Though the option presented is less likely to give a better percentage of a positive outcome for the patient. The physician has a clear conflict in pleasing both the insurance company and the patient. The physician also risks not getting paid by the insurance company if they do not administer the less expensive treatment. This conflict could also be
Problem of staff. In this case study, I found out there had human errors on staff. Human error is “A failure of a planned action to achieve a desired outcome” (Human error, n. d.). From the beginning part of the statement, we knew that the untrained anesthesiologist had make a wrong decision to accept the oxygen tank for the intention of saving Michael’s life. The human error made by medical worker In the human error classification, Reason (1990) said “Greater understanding of the why of human error is provided by a popular approach based, in part, on the distinction between whether the inappropriate action was intended or not”.
Some may discredit this point by stating that Charlie’s surgery would improve future scientific understanding. Nonetheless, the ethics behind this decision remain questionable. On the topic of treatment of human test subjects, the article “Ethics of Fieldwork” states, “Special care must be taken with people who are unable to understand or who are particularly susceptible to coercion.” These precautions were not exercised with Charlie, which many would believe to be
Start by providing a short 4-6-line synopsis of the key elements of the case – and discuss what kind of incident occurred (week 1). In this case, “Medical error kills Hopkins Cancer Patient” by Erika Niedowski, the error was the failure of a planned action to be completed or intended and the use of a wrong plan for instance overdosage of potassium to achieve an aim. These errors were preventable and may not have caused the harm. Preventable adverse drug events and their causes and contributing factors had caused stopped Brianna Cohen's heart. Hence, this is a sentimental event because this unanticipated event resulted in death to a patient, not related to the natural source of the patient's illness.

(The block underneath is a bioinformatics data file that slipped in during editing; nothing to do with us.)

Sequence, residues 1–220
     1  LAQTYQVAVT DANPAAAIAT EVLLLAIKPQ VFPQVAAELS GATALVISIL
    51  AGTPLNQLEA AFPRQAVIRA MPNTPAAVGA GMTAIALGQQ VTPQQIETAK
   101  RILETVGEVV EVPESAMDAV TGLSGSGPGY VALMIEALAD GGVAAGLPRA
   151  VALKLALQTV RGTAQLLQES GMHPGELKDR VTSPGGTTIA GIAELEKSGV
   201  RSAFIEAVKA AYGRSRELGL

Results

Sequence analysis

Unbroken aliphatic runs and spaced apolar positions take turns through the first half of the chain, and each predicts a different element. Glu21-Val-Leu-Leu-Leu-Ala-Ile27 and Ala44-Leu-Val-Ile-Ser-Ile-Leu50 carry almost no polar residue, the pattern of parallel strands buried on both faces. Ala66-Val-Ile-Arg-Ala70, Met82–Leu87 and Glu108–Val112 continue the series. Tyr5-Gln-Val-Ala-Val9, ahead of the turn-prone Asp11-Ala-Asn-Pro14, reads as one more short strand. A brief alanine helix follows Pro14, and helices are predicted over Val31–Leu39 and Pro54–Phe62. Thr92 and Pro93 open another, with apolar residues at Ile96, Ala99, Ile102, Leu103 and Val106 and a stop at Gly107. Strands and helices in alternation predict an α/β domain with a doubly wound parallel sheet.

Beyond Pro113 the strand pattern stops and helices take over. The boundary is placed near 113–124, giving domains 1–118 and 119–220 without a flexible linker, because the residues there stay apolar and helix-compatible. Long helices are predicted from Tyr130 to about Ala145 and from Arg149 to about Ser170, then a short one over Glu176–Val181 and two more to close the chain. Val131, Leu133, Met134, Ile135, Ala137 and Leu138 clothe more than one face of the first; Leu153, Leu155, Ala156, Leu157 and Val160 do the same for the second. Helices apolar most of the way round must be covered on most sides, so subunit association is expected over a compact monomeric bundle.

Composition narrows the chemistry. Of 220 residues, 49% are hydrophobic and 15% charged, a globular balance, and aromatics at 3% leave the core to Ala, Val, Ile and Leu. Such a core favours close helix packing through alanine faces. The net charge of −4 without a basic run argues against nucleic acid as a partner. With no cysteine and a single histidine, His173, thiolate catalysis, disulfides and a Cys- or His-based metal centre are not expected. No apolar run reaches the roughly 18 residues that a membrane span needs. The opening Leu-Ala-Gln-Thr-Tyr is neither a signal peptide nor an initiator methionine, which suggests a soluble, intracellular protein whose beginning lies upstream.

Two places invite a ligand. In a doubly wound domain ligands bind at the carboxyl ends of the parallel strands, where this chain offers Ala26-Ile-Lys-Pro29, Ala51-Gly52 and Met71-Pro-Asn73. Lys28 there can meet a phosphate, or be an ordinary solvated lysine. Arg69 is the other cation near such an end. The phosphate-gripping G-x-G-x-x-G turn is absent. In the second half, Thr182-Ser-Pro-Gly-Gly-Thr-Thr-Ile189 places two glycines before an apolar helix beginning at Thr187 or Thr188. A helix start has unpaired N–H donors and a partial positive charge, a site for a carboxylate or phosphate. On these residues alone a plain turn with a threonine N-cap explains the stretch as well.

The conduct of the defendant’s in the 1971 Washington Court of appeals case, State v. Williams, while neither advisable nor necessarily admirable, was justified given their valid concerns about losing possibly losing custody of their son if they sought medical help due to their Native American heritage. Walter Williams and Bernice Williams made the fateful decision to not take their 17-month old son, who was thought to only have minor tooth-ache, to the hospital due to concerns that such hospital visit would result in them losing custody of their son. Unfortunately, for the co-defendants, their son’s illness was much more severe than initially thought and their decision not to seek care resulted in both the son’s death and a manslaughter conviction
While quality solutions are produced, the willful choice model does not allow for flexibility regarding environmental changes such as technology and healthcare policy. Internal changes including turnover also negatively impact the rational decision process. Given the pros and cons of rational decision-making, the healthcare environment may not be the best fit for the willful choice model. Within healthcare organizations, chaos is prevalent with little time to thoroughly analyze a problem and produce